Following Jewish tradition, during the last several weeks the regular, weekly reading of the Torah was accompanied by a series of special readings proclaiming to the Jewish people that the Holy Season of Passover had begun.
In practical terms, in every Jewish home, this is the season to clean house. Leavening, or to the Jewish household “chametz” is forbidden as it is believed that leaven is symbolic of sin. Jewish households will search for even the smallest speck of chametz and it is cast out.
Therefore, in preparing for Passover the home must be swept clean, and this ritual cleansing goes beyond food items. Anything that has come in contact with leaven must be purified; pots, pans, dishes, etc. must be washed.
This religious exercise is intended to mirror a spiritual corollary, as this is a sacred time for Jews as they prepare their hearts to commemorate what is arguably the most significant event in their history.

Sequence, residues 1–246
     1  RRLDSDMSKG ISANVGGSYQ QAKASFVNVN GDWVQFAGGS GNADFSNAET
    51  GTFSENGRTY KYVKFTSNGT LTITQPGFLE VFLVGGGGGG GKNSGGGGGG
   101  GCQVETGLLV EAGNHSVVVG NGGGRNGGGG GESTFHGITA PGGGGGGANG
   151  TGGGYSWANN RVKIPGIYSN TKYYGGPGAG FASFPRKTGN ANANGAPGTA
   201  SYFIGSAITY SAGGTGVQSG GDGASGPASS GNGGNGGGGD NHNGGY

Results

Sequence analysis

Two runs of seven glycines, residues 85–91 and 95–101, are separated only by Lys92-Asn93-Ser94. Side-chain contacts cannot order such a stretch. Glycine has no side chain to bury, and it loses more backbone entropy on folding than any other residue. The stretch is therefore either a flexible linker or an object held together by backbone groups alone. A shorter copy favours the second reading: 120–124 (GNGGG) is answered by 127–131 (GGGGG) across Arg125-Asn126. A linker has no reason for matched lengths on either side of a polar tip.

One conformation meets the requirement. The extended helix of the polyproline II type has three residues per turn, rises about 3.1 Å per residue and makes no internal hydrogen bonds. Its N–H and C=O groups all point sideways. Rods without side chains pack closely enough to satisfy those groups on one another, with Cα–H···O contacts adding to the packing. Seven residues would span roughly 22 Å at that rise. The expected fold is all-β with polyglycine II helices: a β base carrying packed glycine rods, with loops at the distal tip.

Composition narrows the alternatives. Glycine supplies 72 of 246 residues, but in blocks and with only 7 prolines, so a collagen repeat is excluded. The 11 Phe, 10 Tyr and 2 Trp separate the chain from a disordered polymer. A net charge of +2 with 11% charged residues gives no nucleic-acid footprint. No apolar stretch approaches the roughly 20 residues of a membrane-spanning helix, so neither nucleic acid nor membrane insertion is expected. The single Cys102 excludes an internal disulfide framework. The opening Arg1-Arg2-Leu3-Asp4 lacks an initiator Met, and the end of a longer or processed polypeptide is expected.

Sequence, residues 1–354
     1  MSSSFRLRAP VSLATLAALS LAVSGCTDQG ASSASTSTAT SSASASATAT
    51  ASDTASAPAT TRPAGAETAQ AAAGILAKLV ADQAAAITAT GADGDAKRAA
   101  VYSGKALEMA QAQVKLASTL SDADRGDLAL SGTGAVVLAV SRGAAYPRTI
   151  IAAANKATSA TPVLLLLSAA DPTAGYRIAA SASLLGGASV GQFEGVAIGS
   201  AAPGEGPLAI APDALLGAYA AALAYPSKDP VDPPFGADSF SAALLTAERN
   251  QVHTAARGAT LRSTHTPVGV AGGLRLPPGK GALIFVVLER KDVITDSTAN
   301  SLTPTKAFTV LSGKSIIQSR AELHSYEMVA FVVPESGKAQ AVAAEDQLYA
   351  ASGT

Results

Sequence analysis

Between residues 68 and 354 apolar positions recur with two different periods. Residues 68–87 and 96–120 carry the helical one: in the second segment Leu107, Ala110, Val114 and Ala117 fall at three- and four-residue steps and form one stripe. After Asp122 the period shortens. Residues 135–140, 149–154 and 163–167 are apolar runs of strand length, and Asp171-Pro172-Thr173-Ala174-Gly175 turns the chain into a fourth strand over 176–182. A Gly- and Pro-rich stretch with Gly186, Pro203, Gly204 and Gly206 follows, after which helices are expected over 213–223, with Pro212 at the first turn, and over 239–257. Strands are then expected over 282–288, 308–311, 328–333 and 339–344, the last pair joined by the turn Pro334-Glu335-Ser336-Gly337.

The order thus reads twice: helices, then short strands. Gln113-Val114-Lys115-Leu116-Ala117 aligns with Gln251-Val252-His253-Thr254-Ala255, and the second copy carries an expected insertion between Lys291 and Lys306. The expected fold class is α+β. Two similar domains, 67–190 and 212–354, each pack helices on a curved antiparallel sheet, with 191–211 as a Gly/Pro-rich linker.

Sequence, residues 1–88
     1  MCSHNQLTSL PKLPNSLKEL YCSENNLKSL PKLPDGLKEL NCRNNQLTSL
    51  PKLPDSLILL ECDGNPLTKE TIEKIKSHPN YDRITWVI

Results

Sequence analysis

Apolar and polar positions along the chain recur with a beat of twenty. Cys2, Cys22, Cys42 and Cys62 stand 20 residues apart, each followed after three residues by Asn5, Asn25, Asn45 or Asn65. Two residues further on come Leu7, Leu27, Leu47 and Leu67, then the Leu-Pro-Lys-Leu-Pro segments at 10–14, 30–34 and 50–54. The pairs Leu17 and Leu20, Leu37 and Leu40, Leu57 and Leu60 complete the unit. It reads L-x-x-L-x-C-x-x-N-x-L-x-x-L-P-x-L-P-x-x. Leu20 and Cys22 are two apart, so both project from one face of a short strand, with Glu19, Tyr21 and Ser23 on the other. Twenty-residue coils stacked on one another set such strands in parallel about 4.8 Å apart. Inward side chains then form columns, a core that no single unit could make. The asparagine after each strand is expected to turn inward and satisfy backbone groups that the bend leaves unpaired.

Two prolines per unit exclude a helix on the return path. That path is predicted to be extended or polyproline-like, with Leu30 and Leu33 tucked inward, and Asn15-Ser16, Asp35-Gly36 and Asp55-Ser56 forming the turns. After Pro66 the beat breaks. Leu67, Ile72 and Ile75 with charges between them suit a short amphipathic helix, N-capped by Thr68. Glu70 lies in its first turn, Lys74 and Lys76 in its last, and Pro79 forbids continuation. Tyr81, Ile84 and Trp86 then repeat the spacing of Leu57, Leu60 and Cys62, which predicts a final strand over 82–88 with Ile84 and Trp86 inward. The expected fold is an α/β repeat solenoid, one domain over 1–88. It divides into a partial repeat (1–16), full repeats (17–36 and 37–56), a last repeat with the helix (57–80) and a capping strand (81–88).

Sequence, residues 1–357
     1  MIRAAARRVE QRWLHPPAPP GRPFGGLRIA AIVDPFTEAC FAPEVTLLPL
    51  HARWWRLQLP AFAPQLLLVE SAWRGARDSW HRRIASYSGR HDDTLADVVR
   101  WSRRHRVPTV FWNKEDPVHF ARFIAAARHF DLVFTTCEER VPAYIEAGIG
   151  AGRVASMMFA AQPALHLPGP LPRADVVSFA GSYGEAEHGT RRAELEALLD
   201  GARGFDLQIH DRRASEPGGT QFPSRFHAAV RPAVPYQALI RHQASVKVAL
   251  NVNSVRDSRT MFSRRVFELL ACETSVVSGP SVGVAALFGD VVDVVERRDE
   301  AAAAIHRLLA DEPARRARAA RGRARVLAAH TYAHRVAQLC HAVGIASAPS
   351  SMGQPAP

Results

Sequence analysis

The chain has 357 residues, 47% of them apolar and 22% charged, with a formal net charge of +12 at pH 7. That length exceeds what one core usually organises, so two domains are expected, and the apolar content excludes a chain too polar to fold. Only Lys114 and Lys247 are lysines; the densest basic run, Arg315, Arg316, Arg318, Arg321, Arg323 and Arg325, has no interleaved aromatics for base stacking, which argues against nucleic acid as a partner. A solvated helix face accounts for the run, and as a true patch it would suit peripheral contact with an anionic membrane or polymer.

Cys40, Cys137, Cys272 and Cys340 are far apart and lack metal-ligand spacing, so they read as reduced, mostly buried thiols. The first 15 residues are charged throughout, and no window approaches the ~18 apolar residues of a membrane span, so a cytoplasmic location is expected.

There are times in all of our lives that we need cleansing. Living in this “dirty” world should, at least occasionally, cause even the best Christian to recognize the need for spiritual housekeeping.
When unforgiveness, jealousy, envy, lust, greed, and the biggest one of all, pride, take root in our hearts, they “dirty” us. It is a good thing for us to pause and take inventory of our lives, our attitudes, our priorities, and to remove the “chamtez”. In order to be acceptable for God to work within our lives, we need to be “clean” vessels. What a verse is I John 1:9, “If we confess He will forgive and cleanse us from all unrighteousness.”
Take inventory. Look for the “chametz” in your life and remove it. Then prepare for the blessings of God.
See you Sunday!